As a young woman, Dr Carlene Firmin wrote a regular article in the Guardian newspaper entitled ‘The Girl in the Corner.’ As a Philosophy graduate from the University of Cambridge, Carlene was passionate about writing on topics such as family support policies, abusive teenage relationships and joint enterprise legislation. A wide range of subjects held a familiar theme; the rights of children and young people. This passion for social justice has seen Carlene become the youngest ever Black woman to receive an MBE in 2011, at 27 years old.
She took time from her busy schedule to speak with Jennie Smith, our Director, about her passion for improving standards in society, and the various projects over the years she has been involved in, ultimately being seen as the leading expert in Contextual Safeguarding.
After graduation, writing about those social justice issues brought Carlene where she wanted to be at that stage; being involved in the Building Bridges project supported by Choice FM, focussing on contemporary issues such as why young women were carrying weapons. For the Voice in Violence project, Carlene interviewed a wide range of women, including mothers and grandmothers, producing a report on the impact of serious youth and gang violence on women and girls. It was this project that led to the MBE, something which she tells Jennie she accepted ‘on behalf of all the other young girls behind me.’
So why Philosophy and not Social Work or Law at Cambridge? Carlene described to Jennie that philosophy trained her to ask different questions. There is never a right or wrong answer, and in fact, Philosophy looks at whether we are asking the right question. This is a thread that has run through Carlene’s career. Jennie suggests that as Carlene asks different questions, is this perhaps the reason why she is seen as a leading force in safeguarding today.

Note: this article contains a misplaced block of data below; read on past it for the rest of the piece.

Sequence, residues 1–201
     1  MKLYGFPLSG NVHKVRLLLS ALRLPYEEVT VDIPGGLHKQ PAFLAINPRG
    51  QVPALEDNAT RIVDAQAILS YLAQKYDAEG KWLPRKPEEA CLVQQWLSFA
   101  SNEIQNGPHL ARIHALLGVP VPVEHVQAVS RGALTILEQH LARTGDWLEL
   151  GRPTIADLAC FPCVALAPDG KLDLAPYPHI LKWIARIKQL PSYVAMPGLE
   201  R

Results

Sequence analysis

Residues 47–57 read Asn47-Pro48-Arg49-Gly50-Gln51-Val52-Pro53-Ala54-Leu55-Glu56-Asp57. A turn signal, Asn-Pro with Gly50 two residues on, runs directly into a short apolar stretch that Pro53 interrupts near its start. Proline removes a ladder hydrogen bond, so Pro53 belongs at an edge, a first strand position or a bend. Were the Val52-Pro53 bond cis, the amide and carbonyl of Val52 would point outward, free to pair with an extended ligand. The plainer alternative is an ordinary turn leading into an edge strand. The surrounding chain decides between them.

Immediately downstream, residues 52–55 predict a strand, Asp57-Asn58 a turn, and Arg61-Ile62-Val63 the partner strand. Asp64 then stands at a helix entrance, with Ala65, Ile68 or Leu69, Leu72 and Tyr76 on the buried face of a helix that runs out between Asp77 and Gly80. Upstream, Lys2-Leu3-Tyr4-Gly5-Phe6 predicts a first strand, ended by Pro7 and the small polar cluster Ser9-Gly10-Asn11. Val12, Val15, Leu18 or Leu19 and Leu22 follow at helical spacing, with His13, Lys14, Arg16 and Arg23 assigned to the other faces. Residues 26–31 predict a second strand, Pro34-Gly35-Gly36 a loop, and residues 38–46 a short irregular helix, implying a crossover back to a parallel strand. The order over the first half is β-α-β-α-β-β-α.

Carlene’s position as Assistant Director for Youth Justice and CSE at Bardardo’s saw her team and network of services expand. During this time, Peer on Peer abuse was a theme that was repeatedly observed by professionals working with young people. Her position as Principal Policy Advisor to the Office of the Children’s Commissioner again allowed her to draw on her wealth of experience on gang and youth sexual violence.
Carlene’s PhD Thesis covered the safeguarding implications of contextualising abuse between young people in social fields. This piece of research included nine case reviews, covering three murders and six rapes. Whilst completing this research, Carlene established the MsUnderstood programme, aiming to improve local and national responses to young people’s experiences of gender equality.
The research from her PhD founded the basis of the proposed new framework looking at the peer group from a safeguarding point of view, and this is where Contextual Safeguarding was born. First, a pilot in Hackney and then 10 sites, leading to 40 local areas that have rolled out the framework. As we now know, the most recent edition of Working Together to Safeguard Children and Keeping Children Safe in Education places Contextual Safeguarding at the heart of the services all organisations offer to children and young people. This is the result of a lifetime’s work by Carlene, culminating in the publication of her recent book ‘Contextual Safeguarding and Child Protection: Rewriting the Rules‘.
What about her plans for the future?
More of the same fantastic research? She certainly wants people to think about things differently in terms of the bigger picture. We should all be a bit more like Carlene and start to ask ourselves are we asking the right questions when we are dealing with children and young people.
What is clear is that, at heart, Carlene is an Academic who has been thrust into the limelight. Asked why the title of her Guardian series was ‘The Girl in the Corner’, Carlene described herself all these years ago, stood with her hand up, trying to have her voice heard, feeling as if she was in a corner with no one listening to her alternative questions. Well, it is plain to see that we are sitting up and listening to Carlene now.
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